Listen to part of a lecture in a biology class.
Now, plants, like animals,
and like us for that matter,
substances that provide nourishment...
to survive, thrive, and grow.
We get our nutrients from the food we eat.
most plants anyway-
absorb their nutrients from the soil,
right, through their root systems?
OK. But there are plants that don't get their nutrients from the soil.
The places they grow, the soil is bad, so they get their nutrients from insects instead.
From trapping and digesting insects.
They're called carnivorous plants.
Carnivorous plants capture insects in different ways-they have different trapping mechanisms-
and passive traps.
A plant with an active trap . . .
ah, a good example is
the [slowly; pronounced] Venus flytrap.
The Venus flytrap actually moves to catch its prey...
or parts of it do, anyway.
Its leaves... it has special leaves that are hinged in the middle.
The two halves of the leaf open and close, sort of like
a mouth, to catch insects.
And on these leaves is a sweet nectar that attracts insects.
Insects like this sweet stuff.
And, and, when they get lured in and land on the leaf-
wham! the leaf springs shut.
It's an active trap.
And the insect springs it, so to speak-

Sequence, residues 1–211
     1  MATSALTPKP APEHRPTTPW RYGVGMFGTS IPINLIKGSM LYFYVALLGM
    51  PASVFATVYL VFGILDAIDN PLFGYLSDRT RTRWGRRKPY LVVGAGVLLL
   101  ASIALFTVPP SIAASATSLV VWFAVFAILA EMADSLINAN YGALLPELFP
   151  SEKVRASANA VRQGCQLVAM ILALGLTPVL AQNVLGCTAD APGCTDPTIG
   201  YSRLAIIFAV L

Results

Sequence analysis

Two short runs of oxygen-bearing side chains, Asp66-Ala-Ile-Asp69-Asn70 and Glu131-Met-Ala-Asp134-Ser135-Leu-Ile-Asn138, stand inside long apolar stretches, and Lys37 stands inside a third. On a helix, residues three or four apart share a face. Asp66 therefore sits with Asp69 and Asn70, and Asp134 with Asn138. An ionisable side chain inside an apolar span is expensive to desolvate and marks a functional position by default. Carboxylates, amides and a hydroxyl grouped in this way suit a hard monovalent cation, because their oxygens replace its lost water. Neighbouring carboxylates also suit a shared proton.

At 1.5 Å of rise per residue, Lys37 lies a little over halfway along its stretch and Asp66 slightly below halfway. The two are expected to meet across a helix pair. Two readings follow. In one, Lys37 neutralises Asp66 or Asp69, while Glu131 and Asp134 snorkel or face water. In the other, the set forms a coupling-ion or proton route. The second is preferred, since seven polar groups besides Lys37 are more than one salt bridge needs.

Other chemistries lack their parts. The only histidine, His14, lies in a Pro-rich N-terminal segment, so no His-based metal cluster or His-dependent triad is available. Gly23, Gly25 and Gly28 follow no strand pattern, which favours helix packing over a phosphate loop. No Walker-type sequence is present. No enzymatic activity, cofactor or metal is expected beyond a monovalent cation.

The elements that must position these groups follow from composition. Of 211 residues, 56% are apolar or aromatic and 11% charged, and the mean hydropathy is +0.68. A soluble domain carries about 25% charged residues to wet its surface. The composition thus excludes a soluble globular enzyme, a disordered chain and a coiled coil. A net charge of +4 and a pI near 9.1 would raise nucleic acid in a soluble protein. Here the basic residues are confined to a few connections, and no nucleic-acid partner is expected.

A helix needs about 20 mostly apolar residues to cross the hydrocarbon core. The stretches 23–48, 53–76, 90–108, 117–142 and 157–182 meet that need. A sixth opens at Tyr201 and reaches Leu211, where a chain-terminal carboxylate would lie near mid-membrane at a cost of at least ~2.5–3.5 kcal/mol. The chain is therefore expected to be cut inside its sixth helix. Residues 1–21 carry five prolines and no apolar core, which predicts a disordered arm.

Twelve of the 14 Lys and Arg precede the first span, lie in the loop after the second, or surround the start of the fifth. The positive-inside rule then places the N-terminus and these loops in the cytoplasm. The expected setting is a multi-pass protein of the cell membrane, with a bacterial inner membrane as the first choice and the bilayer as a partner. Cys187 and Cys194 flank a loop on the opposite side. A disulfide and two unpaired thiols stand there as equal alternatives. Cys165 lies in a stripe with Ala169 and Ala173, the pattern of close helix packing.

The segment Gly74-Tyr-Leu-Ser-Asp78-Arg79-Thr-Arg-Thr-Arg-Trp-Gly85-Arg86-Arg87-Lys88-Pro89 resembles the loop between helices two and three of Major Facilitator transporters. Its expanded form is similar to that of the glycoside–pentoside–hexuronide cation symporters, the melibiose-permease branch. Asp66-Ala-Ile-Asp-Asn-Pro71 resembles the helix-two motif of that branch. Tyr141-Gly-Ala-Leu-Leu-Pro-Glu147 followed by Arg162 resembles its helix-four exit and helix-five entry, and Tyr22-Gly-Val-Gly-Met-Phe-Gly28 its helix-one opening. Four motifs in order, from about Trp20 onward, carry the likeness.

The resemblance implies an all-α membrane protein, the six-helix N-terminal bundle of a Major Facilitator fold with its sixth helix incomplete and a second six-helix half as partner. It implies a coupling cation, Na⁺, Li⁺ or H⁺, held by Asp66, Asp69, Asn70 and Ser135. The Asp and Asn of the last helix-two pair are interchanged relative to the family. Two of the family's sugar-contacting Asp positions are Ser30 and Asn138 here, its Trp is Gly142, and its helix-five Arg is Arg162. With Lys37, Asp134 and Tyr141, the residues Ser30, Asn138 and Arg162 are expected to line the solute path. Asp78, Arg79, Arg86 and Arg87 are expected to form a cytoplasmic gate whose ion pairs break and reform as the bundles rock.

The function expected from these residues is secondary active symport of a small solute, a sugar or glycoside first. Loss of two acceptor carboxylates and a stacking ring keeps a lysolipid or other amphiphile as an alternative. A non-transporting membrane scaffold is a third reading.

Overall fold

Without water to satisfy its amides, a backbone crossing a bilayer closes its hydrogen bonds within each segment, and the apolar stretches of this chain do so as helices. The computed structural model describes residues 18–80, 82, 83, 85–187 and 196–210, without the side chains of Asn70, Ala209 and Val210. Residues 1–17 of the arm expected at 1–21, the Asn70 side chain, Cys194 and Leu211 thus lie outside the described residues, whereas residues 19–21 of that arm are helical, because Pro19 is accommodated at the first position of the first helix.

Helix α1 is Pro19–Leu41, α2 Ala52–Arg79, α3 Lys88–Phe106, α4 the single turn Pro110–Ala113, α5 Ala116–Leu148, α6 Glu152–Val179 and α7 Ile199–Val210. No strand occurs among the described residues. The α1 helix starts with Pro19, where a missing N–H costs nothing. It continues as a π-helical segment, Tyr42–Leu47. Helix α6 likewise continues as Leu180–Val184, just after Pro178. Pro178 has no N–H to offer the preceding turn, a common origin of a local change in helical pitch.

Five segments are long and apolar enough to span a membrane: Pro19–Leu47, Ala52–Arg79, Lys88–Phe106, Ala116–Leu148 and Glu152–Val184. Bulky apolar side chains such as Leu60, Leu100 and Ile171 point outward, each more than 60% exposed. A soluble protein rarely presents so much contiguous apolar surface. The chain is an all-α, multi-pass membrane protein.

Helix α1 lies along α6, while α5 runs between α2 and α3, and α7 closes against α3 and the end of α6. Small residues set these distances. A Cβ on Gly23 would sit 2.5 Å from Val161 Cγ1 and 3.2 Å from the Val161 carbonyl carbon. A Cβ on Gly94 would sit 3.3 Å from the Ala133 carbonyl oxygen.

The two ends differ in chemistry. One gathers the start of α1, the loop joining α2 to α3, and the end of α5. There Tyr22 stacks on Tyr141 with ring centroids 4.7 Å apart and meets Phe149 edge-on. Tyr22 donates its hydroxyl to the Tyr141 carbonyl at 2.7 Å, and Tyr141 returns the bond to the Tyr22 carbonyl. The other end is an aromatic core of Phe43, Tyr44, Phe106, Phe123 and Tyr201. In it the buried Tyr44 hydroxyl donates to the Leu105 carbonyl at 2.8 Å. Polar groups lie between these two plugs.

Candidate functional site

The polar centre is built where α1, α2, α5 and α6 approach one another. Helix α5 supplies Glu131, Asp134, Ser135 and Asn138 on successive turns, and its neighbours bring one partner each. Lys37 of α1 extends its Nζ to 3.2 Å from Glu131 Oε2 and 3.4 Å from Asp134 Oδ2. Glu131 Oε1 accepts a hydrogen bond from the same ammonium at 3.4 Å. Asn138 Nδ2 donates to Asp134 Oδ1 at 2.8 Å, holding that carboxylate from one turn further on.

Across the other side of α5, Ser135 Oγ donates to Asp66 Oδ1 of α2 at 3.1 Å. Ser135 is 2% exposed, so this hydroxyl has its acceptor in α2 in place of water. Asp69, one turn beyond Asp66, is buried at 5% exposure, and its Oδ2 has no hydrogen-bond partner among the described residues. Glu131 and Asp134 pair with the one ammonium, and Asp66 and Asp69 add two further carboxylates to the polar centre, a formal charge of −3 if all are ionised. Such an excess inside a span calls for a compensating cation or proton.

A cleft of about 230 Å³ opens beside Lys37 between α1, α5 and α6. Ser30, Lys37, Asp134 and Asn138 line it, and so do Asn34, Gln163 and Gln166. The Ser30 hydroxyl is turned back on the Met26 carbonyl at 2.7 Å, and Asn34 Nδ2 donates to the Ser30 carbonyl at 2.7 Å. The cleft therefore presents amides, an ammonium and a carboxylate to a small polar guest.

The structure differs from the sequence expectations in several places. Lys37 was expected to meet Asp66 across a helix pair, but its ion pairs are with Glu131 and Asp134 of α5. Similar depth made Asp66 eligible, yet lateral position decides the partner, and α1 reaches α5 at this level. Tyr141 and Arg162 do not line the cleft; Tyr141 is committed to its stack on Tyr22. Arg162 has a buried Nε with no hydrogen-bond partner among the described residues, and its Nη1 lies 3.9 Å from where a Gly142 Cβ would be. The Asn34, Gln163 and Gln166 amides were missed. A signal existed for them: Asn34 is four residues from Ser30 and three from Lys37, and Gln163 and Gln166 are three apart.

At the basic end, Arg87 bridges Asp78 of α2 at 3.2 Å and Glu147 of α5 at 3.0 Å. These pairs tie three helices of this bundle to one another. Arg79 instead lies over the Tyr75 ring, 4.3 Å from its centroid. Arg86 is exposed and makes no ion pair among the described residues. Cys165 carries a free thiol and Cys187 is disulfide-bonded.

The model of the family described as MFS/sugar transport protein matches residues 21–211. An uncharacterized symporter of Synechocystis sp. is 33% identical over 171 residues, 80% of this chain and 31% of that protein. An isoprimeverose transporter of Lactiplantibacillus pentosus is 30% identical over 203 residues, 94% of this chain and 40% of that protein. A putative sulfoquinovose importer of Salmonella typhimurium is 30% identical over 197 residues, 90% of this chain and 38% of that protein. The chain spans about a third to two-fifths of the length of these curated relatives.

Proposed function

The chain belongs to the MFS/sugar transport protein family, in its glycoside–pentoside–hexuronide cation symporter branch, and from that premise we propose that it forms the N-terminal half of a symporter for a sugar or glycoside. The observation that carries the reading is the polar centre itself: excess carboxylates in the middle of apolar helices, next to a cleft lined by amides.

the leaf quickly closes and forms a little cage, trapping the insect between the leaves.
The Venus flytrap is then able to digest the insect,
and get its nutrients.
But other carnivorous plants...
their methods are passive,
they don't have any moving parts to trap things.
They have passive traps.
Like the sundew plant.
The sundew plant also produces a sweet nectar that attracts insects. Its leaves are full of little hairs that secrete the sweet substance.
But what happens when insects land on the sundew's leaves to get at the sweet nectar?
Well, unfortunately for the insects,
the hairs on the leaves also produce a super sticky, glue-like substance-so an insect gets stuck in them and can't fly away.
It, it basically gets glued there,
allowing the sundew to digest it
and absorb nutrients.